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Old Racehorses Give Prisoners Second Chance

  • Sahar Sarshar

GOOCHLAND COUNTY, Virginia — At the James River Work Center, a prison in the central part of the state of Virginia, inmates are taught to care for retired racehorses.

It’s a second chance for all involved. The non-profit Thoroughbred Retirement Foundation saves former race horses from possible neglect, abuse and slaughter. At the same time, the horses prepare prison inmates for life after incarceration.

“When they asked me if I was interested in this program, I jumped on the opportunity," says one inmate, "because how could you not love these creatures?”

In the course of the six-month program, the men learn about horse behavior, grooming, anatomy, health and horse care. They also become very fond of their charges.

“This is my horse Covert Action," says an inmate named Elliot. "This is the grandson of Secretariat. He's a good horse. If you remember Secretariat, that's the horse that won the race in the Belmont.”

Inmate Ryan says there are signs the animal he cares for was a racehorse. “I think he had a typical race track life. He showed signs of steroid injections, side effects of that is biting, nipping, you can feel scar tissue from the injections.”

The horses are fed twice a day, groomed and checked for injuries or health concerns. Some are ridden to prepare them for adoption as riding and companion horses.

While the inmates’ training program also includes classroom work, instructor Reid McLellan says the hands-on experience is the important thing.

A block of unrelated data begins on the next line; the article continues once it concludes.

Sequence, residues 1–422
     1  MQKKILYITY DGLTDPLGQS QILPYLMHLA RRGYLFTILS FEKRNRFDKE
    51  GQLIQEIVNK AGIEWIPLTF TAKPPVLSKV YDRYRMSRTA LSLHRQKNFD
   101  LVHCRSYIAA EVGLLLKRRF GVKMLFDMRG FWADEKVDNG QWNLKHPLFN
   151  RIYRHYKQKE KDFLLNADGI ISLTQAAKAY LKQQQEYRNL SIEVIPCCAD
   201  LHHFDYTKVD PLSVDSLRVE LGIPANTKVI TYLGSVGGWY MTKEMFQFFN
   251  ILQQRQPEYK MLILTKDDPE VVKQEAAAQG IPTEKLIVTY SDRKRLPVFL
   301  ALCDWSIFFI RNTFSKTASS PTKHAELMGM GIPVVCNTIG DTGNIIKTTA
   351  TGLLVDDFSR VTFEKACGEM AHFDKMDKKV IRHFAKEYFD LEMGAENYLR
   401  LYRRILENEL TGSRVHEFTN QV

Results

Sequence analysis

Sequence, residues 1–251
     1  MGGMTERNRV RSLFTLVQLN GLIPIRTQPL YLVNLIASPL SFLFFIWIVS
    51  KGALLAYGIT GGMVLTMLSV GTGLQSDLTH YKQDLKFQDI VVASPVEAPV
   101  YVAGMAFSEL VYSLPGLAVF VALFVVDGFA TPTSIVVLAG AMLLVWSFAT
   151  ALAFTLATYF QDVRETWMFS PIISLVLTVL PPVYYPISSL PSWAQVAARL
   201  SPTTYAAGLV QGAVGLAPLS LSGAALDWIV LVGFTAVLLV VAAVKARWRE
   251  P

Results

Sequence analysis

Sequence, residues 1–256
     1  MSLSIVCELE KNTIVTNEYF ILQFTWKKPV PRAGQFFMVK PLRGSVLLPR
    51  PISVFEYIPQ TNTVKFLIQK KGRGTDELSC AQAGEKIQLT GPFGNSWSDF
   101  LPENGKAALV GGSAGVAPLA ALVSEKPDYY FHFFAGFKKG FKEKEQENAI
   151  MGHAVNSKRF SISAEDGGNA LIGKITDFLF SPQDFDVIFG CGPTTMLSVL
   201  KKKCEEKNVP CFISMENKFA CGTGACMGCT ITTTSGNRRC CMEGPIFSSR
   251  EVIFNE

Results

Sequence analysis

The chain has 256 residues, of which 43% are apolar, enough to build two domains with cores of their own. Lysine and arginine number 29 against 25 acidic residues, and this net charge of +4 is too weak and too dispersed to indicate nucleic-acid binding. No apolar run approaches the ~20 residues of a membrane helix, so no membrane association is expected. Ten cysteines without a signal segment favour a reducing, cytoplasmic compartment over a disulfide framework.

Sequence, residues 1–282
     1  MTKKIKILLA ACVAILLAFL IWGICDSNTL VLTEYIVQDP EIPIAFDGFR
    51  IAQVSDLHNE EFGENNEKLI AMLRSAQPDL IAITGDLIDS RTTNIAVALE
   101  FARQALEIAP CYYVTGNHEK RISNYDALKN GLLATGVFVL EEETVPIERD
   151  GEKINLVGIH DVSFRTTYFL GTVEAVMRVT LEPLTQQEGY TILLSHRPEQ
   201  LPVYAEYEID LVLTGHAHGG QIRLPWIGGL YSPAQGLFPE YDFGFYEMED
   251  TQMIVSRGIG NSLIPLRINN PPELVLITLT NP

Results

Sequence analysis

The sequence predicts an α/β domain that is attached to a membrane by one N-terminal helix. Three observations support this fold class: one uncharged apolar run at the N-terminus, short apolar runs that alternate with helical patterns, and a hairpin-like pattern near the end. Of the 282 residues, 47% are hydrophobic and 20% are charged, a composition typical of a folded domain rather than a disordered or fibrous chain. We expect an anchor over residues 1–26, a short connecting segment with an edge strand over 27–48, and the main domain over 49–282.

“It's that spending every day in the stall with those horses… and horses don't put up with the kind of false bravado," McLellan says. "They recognize false bravado right away. And they'll teach them a lesson that that's not the way to be in harmony with this big 1,000-pound [453.5 kilograms] animal in that stall.”

Will, an inmate and graduate of the program, is now a teaching assistant. He'll finish serving his prison term in September and already has a job lined up.

His horse, Happy, is also starting a new life, and has already been adopted.

"Happy was the first horse I'd been around. She suffered an injury in the field. She was a needless to say, a cantankerous thing," Will says. "I guess something changed in her. She's very likable now. Loves attention.”

It was not just Happy who changed. Ann Ticker, of the Thoroughbred Retirement Foundation, says Will also had some behavior issues at first.

“Will came into the program a very insecure young man from a troubled background," she says. "He had no idea what he wanted to do...Will is now a confident young man. We have a wonderful job for him and a place to live.”

With an opportunity awaiting him when he's released, Will is confident that he can turn his life around.

“I don't ever want to go back to the person that I was, or come back to here," he says.

The odds are in Will's favor. According to program organizers, few of the inmates who complete the program return to prison. Both animals and inmates alike seem to be taking advantage of this second chance.

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